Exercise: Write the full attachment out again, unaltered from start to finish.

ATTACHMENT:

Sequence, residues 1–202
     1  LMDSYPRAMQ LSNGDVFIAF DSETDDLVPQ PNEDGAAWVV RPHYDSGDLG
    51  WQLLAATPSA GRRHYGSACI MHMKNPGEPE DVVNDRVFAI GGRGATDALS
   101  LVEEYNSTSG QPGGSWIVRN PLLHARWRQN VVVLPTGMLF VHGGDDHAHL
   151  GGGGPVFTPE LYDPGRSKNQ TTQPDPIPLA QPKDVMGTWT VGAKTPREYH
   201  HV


Sequence, residues 1–202
     1  LMDSYPRAMQ LSNGDVFIAF DSETDDLVPQ PNEDGAAWVV RPHYDSGDLG
    51  WQLLAATPSA GRRHYGSACI MHMKNPGEPE DVVNDRVFAI GGRGATDALS
   101  LVEEYNSTSG QPGGSWIVRN PLLHARWRQN VVVLPTGMLF VHGGDDHAHL
   151  GGGGPVFTPE LYDPGRSKNQ TTQPDPIPLA QPKDVMGTWT VGAKTPREYH
   201  HV